Rollert’s Definition of Money is that it’s both a time machine and option machine; it allows you to do something sooner, and it gives you options you wouldn’t have without it.

A slower economy will allow executives the time to focus better.

Now, we suggest, is the time for companies to automate even more extensively, for those who have that option. The companies which automate more and earlier will handle the expected disruptions better.  Take the option to adapt faster that a loan gives you now.

How about labor’s operating costs?

The economy has already slowed, yet this point is historically active for major strike disruptions.

We do not expect to avoid disruptions, but they can be managed by greater automation and perhaps the acquisition of a weak competitor.  And manage you will, as there are going to be a lot of disruptions.

Acquiring weak competitors can add more vertical heft to a company, and shield the P&L better.  Fewer external relationships need to be maintained, as more work is done in-house by the combined company.  As more computer science/ STEM-trained people have entered the workforce, and fewer ones entered physical manufacturing, the excess capacity/weaker pricing power is shifting towards manufacturers.

We encourage executives to have a list of competitors that they would be interested in acquiring now, along with arranging financing.  They will get more workers. The can retain the most efficient, helping to mitigate costs increases.

Be the early bird that catches the worm first.

The Good News: A Regenerative Moment

We believe that the US is going through a regenerative moment now. For decades, we have relied on shipping which became more reliable and efficient every year.  Now, we can see the gossamer threads within supply chains that can easily break.  Every industry will be different combing out of their own set of conflicts.  War has helped to converge and amplify the industry cycles.

The world now demands a higher percentage of locally-produced content, goods or services.  Greater automation is the path of the next global expansion.  Automation answers the question of how to produce at a high fixed cost location.  As employees are harder to find, machines become more interesting replacements.  As the world becomes more uncertain or unpredictable, new monitoring systems will be put in place by executives.  Networks are being hardened for war-related enemy attacks (which appear to have already started at food companies).  All of these shocks will bring greater efficiencies to companies after they adapt.

Falling Collateral…but not everywhere

When the railroad industry began to consolidate in the 1800’s, it reduced the number of rail links to small towns. Small town shrank in size or closed without the access.  When this regenerative cycle starts in earnest, there will be losers just as there were in the railroads.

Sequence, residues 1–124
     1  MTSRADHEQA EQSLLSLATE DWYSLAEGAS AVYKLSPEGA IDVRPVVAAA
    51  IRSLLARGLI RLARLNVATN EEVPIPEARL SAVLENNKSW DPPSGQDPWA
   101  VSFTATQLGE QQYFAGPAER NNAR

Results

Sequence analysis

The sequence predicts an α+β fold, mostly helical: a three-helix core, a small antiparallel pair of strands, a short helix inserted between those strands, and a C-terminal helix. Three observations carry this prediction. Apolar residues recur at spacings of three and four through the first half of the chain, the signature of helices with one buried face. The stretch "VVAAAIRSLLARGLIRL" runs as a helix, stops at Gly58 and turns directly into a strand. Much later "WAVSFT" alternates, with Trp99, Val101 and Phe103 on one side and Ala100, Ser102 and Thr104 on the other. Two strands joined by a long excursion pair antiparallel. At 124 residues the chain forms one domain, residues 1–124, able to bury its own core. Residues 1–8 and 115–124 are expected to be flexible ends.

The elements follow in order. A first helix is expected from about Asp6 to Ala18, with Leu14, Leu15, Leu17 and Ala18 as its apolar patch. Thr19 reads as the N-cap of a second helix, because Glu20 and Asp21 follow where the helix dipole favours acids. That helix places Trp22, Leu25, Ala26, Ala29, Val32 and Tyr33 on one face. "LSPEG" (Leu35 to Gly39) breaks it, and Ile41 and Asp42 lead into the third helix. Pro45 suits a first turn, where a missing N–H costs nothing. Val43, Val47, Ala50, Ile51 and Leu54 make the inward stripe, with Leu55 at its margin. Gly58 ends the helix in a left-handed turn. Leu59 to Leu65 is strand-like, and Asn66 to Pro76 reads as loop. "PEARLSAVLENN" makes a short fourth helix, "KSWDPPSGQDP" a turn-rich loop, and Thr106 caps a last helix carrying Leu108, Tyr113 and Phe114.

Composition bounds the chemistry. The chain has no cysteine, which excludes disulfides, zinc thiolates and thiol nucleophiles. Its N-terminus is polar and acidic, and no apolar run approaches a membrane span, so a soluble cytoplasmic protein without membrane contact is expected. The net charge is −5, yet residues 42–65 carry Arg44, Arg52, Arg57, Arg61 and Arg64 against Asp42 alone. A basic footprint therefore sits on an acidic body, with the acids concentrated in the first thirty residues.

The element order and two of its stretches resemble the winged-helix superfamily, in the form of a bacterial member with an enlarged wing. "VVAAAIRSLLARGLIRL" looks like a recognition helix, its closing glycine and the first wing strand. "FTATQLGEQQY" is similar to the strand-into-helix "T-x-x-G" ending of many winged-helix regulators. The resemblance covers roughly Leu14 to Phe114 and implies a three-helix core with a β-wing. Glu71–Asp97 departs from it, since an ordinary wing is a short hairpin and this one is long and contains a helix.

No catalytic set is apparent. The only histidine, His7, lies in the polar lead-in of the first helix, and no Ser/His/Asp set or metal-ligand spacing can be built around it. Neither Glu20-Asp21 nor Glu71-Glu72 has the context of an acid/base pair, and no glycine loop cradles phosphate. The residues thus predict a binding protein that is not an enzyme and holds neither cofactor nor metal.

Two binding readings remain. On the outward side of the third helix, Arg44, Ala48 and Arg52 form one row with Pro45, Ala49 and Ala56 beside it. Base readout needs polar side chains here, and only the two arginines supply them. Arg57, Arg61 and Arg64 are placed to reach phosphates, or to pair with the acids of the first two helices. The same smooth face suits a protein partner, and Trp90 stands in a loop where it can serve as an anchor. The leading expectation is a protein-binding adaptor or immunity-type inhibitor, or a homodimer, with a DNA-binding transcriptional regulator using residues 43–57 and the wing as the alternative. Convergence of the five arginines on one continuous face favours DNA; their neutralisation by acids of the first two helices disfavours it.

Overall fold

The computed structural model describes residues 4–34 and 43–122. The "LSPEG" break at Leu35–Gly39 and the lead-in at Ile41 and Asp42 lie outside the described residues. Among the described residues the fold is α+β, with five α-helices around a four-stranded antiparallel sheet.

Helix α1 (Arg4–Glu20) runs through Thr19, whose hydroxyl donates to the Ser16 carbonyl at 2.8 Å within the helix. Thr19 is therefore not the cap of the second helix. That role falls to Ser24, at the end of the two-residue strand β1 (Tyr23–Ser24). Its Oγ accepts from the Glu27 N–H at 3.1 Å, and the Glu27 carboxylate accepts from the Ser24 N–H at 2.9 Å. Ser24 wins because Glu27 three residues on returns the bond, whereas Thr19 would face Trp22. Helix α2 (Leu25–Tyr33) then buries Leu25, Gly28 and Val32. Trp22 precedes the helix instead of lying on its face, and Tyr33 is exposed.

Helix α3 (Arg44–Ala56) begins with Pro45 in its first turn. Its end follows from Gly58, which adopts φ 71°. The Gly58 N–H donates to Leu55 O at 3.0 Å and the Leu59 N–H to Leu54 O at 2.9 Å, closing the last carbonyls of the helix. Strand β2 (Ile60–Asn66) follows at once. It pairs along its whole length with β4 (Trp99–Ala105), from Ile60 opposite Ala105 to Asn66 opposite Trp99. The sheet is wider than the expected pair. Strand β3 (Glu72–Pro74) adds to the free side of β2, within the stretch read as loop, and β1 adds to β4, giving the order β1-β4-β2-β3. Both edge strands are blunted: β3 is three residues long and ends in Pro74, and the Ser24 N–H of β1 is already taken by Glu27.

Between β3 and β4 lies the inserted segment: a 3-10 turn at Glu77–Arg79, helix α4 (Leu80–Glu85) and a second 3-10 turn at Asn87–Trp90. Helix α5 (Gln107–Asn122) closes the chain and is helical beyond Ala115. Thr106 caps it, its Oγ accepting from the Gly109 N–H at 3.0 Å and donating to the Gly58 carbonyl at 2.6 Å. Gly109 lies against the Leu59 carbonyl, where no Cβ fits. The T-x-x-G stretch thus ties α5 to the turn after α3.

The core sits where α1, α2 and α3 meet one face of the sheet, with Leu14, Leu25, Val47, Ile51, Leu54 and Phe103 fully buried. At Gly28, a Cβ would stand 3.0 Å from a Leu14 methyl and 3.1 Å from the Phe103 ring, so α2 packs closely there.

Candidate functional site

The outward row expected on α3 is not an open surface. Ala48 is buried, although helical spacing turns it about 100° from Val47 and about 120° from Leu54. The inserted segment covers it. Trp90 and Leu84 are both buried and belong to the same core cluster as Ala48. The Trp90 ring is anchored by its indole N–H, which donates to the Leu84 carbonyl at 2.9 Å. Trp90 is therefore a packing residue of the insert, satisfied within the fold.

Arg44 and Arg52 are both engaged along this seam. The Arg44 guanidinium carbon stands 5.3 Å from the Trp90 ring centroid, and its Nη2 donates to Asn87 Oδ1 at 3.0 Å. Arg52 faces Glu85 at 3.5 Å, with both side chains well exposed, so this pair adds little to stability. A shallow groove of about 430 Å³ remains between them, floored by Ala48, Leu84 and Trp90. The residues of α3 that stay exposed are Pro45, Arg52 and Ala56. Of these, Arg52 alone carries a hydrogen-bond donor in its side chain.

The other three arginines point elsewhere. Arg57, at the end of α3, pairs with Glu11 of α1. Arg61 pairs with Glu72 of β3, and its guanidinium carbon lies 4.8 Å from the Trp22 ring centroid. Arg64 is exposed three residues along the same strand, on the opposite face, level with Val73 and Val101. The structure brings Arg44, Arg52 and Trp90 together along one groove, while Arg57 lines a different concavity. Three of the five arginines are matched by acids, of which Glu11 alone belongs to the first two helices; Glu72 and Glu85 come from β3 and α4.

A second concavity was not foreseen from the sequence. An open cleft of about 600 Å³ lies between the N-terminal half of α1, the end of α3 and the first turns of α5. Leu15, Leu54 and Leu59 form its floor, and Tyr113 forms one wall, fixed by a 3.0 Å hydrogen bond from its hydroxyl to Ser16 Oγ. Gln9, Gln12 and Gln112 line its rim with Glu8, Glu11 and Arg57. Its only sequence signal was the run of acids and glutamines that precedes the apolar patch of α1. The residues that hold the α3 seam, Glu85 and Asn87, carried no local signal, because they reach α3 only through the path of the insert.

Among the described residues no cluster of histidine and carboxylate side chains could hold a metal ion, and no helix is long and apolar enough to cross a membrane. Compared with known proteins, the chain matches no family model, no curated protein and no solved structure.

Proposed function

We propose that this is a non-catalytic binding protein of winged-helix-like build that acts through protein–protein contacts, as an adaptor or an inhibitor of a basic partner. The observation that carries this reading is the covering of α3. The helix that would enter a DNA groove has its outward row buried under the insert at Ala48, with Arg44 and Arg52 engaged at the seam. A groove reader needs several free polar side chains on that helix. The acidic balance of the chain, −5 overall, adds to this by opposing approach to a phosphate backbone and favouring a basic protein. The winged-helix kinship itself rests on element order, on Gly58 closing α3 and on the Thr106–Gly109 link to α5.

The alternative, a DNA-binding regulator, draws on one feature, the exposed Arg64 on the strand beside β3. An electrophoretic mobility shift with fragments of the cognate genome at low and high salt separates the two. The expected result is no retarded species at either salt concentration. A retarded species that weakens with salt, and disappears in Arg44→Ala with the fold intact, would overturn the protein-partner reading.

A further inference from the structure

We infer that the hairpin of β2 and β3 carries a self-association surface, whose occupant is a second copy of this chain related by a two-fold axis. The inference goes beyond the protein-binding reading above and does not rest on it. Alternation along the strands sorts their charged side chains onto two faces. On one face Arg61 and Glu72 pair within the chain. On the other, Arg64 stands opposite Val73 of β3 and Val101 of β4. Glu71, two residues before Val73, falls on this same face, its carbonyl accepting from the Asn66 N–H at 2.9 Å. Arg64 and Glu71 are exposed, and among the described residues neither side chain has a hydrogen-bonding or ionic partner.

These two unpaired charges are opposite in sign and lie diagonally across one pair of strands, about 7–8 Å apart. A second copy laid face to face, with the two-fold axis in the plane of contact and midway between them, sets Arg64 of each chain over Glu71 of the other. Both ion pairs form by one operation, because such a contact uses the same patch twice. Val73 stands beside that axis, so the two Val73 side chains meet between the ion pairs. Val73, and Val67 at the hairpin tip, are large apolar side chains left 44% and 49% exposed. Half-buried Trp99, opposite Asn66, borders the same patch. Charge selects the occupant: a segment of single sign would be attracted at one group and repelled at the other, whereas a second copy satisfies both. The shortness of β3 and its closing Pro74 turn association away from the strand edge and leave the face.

Companies will continue to prefer nearby warehouses with rail and adequate trucking access, nearby healthcare systems, and reasonable proximity to container ports.  Industrial spaces will continue to be in demand.  Los Angeles, Orange County and San Diego Counties all have this. But the towns which grew quickly with COVID refugees are likely be hit hard, as their real estate prices drop with they change in preferences.

Remember George

George Jetson’s environment is being created, at the same time his soon-to-be-parents are sharing a romantic glass of wine.

The acceleration of automation will change the business cycles for all industries, as we move into George’s world. The Fast Fashion model, where high levels of coordination are used to move a dress from design to department store floor in a few weeks, will apply to all products and services.

Personalization will become possible at the single product level (companies such as Google, Facebook and Amazon already have much of the necessary data). It’s happened in fashion, mattresses and other consumer goods. Marketing departments are already salivating over the possibilities.

Speed, monitoring and personalization will make for a better customer experience.  The price to pay will be a major systems or network upgrade for many companies.

We Expect Manufacturers To Start Acquiring Design Firms

The critical link between design and manufacturing is the personalization-creation. Automated design will become the norm, and with plans delivered to the manufacturer who makes it and overnight ships it to the estimated 7 million square foot automated warehouse site that Amazon is building in Ontario, CA.

Small custom shops will be the losers of business as the small towns are too. They are unlikely to be unable to keep up with the required automation purchases, due to their inability to support the payments needed for acquisition.

Study the semiconductor industry, as they have already gone through this transformation.


The cycles which are converging here are the largest opportunity to make enormous money that we have ever seen. Many, many companies are trying to figure out how to manage the generational transfer, just as a reinvestment boom is about to start.  As the new equipment and software are installed, price pressures will begin to subside (including in labor). Loan terms and rates should ease.  Collateral prices, such as real estate,  should stabilize.

In most games, you pivot more than once. COVID was the first business pivot. More are coming from additional automation and/or acquisitions.

Oh…and get prepared to wish the future we see for George a “Happy Birthday!”